Dustin Reynolds and Tyler Derryberry want T&D Barbecue, just outside Fort Worth, to become the next breakout suburban barbecue joint. Since last November, T&D Barbecue has been serving barbecue every Saturday out of a food truck in Weatherford. In July, the partners will trade in that truck for a permanent home inside Pathfinder Brewery in Hudson Oaks, where the joint will be open Thursday through Sunday.*
Reynolds and Derryberry entered the barbecue business in early 2020 with bulk preorders for Super Bowl parties. In March—and this date should be setting off alarm bells—they bought a barbecue trailer. The pandemic delayed kicking off the business, but a few months later, Derryberry, Reynolds, and Reynolds’s wife Amanda Ogle hopped around to pop-ups in Granbury, Tolar, and Mineral Wells. They sold enough barbecue to purchase a five-hundred-gallon offset steel smoker from the welders at KCW Smokers, and eventually found a place to park the trailer in Weatherford.
“I wasn’t originally intending to be part of [the business],” Ogle admits, but her career as a freelance travel writer had stalled during the pandemic. She was put in charge of desserts, such as the joint’s spot-on banana pudding, and it’s a job she enjoys. She also handles the chore of tasting Reynolds’s loony recipe ideas before they’ve been refined into something T&D might actually serve. Recently, she says, he handed her a slice of peanut-butter-and-jelly sausage. She took a bite and gave an honest review: “That’s not going to sell. It’s gross.” Still, it reminded the couple of peanut sauce they’d had at Thai restaurants. They asked a Thai friend for direction, and he suggested adding panang curry paste and coconut milk. We owe this month’s specialty sausage, the Bangkok Banger, to him.
The only other time I’ve had nuts in a sausage was with an ill-conceived pecan-pie link, so the Bangkok Banger was an improvement. I enjoyed the spice and the subtle sweetness from the peanuts, but this wasn’t as compelling as, say, a link of the Thai green chile boudin from Blood Bros. BBQ in Bellaire. I’d probably sooner ask for another link of T&D’s expertly made Jalapeño-Jack sausage, which was the other sausage on offer. Every sausage is made from ground pork shoulder. The menu will always include staples like the Jalapeño-Jack, along with changing unconventional offerings like the Bangkok Banger or next month’s chicken-spaghetti sausage, which combines ground chicken and pork. In July, Ogle and Reynolds are planning to recreate last year’s popular peach, serrano, and Muenster cheese sausage, which is an homage to the Parker County Peach Festival. Reynolds is also certain he can pull off a blue-cheese sausage that is blue in color. I’m pulling for peaches.
By July, Reynolds will have quit his job at the local Ford dealership to shepherd the opening of the new brick-and-mortar location. He’s looking forward to four days of service per week, rather than just one, to hone his recipes and processes. The garlic-heavy corn needs some attention, while the comforting pepper-jack mac and cheese is further along. He just switched to a new recipe for potato salad, so no future customers will experience the large chunks of soggy bacon I got in mine (warm, crisp, chopped bacon will now be sprinkled on top just before serving). He’ll also test a smaller-gauge black pepper on the ribs, rather than the pepper that rolled like pebbles off the surface of my otherwise well-smoked sparerib.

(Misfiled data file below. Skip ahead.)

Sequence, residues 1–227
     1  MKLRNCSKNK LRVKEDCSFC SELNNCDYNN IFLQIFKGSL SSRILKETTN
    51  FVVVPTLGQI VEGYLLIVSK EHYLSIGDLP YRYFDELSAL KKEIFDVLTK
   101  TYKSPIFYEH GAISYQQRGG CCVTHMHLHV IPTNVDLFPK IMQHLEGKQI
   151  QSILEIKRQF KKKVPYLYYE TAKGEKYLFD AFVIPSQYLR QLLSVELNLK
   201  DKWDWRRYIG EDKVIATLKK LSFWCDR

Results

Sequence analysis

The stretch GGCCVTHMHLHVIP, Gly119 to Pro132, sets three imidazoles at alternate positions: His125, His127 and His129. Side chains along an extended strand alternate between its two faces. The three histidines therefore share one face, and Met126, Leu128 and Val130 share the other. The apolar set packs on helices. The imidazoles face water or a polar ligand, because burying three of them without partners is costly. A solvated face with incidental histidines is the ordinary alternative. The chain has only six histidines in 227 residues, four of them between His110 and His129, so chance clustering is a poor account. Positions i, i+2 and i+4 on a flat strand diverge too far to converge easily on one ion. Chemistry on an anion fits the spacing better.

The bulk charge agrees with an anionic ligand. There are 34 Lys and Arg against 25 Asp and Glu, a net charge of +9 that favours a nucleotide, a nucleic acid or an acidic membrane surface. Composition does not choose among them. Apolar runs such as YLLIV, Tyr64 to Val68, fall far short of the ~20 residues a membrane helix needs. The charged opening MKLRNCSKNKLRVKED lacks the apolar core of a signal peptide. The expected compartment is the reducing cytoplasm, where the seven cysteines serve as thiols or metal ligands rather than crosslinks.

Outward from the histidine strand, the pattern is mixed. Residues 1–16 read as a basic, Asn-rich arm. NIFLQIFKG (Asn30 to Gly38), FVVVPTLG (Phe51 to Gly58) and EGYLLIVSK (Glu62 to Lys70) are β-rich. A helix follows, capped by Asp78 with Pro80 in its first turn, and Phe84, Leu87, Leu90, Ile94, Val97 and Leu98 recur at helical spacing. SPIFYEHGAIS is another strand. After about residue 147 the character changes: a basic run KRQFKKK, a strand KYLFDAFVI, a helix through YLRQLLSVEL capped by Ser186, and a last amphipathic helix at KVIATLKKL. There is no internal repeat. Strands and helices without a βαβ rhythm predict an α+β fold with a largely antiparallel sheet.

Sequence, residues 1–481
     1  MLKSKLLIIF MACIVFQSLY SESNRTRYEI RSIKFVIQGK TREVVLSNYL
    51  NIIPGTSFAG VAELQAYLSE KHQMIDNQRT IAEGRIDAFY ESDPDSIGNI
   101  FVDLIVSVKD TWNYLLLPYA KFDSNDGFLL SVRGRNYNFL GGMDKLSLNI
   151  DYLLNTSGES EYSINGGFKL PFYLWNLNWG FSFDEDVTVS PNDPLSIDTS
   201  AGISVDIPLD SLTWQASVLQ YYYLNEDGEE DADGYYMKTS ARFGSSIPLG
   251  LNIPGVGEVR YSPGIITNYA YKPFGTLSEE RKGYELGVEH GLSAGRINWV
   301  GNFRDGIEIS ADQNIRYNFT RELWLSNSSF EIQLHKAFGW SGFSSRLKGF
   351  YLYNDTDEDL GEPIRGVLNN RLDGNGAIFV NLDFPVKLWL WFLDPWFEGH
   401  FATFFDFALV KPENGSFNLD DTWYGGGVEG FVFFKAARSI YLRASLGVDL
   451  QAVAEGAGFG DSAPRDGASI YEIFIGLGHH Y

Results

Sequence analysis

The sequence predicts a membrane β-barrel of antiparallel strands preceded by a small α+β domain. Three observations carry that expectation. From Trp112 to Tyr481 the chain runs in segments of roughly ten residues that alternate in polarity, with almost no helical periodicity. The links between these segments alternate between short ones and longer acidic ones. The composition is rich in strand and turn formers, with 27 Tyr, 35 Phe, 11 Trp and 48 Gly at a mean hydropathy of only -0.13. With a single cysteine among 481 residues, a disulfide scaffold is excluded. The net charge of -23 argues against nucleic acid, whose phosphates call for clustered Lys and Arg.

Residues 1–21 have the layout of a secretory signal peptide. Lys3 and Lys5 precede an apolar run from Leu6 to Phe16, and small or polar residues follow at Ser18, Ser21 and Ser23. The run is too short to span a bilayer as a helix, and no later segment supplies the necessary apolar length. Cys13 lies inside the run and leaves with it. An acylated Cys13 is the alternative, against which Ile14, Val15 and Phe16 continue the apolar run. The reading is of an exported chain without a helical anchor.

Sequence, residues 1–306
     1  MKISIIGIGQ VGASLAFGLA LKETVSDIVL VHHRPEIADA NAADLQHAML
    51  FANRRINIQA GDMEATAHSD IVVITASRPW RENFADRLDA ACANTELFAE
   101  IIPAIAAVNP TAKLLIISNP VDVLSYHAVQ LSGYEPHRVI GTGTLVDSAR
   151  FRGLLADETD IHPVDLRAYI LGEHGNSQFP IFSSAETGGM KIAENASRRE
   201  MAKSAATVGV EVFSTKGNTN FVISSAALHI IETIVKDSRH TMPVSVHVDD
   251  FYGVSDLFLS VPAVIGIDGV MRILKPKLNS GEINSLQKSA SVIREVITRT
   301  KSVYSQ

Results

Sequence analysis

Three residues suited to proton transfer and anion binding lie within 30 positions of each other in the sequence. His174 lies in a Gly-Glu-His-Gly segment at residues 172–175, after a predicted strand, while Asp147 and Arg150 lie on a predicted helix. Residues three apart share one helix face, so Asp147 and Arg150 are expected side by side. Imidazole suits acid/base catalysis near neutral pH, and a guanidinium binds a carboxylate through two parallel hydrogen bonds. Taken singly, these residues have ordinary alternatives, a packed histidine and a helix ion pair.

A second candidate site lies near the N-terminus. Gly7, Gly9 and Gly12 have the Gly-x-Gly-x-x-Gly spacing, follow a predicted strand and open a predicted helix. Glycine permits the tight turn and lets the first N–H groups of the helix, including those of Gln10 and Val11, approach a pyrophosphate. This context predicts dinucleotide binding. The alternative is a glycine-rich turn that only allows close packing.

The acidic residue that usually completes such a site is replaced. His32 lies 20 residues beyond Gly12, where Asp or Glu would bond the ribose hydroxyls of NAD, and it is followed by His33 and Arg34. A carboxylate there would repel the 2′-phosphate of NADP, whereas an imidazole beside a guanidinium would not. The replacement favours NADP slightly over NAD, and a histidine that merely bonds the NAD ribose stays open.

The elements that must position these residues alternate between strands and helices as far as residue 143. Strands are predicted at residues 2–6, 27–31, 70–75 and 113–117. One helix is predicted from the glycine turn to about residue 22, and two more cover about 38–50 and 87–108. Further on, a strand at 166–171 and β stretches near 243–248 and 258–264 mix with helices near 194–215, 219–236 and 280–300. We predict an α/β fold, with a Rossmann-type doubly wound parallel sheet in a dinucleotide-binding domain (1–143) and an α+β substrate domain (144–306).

The heavy coating of black pepper works just fine on the briskets supplied by Texas producer 44 Farms. They’re smoked over oak until tender, and were moist and satisfying when sliced off either the fatty or the lean end. The beef-cheek barbacoa was plenty juicy as well, and was served with pickled onions and a house-made chimichurri inside a hearty flour tortilla. Reynolds makes the tortillas with rendered beef fat harvested from brisket trimmings. The rest of the brisket trimmings are made into burgers, which weren’t available the day I visited. Ogle said I missed out by not trying the pulled pork, which is her favorite menu item, especially when served in a taco with peach pico de gallo.
For now, T&D is pushing the boundaries of what Weatherford clientele expect from a barbecue joint. Ogle said some customers balk at the $26-per-pound price for smoked brisket, and others are surprised that T&D makes its own sausage, sides, pickles, and barbecue sauce. I appreciate the creativity and dedication to making things from scratch, even when they don’t quite hit the mark. In its present state, T&D is what you might expect from some dedicated barbecue cooks who are new to the business (and maintain full-time jobs), but its future looks bright. T&D’s got the important stuff—brisket, sausage, and tortillas—down, and the rest is easy enough to tweak. “Everything’s about to change once we sign that lease,” Ogle says, noting that she might even get back to travel writing now that Reynolds will soon be in the barbecue business full time. My guess is that Derryberry won’t be far behind, and another Fort Worth suburb will have a craft barbecue gem.
*Editor’s note: T&D Barbecue will no longer move their operation to Pathfinder Brewery in Hudson Oaks, but will remain at their current location in Weatherford. They will expand their service there from Saturday-only to Thursday through Saturday.
1110 E. Bankhead Dr., Weatherford
Hours: Saturday 11–sold out
Pitmasters: Dustin Reynolds and Tyler Derryberry
Method: Oak in an offset smoker
Year opened: 2020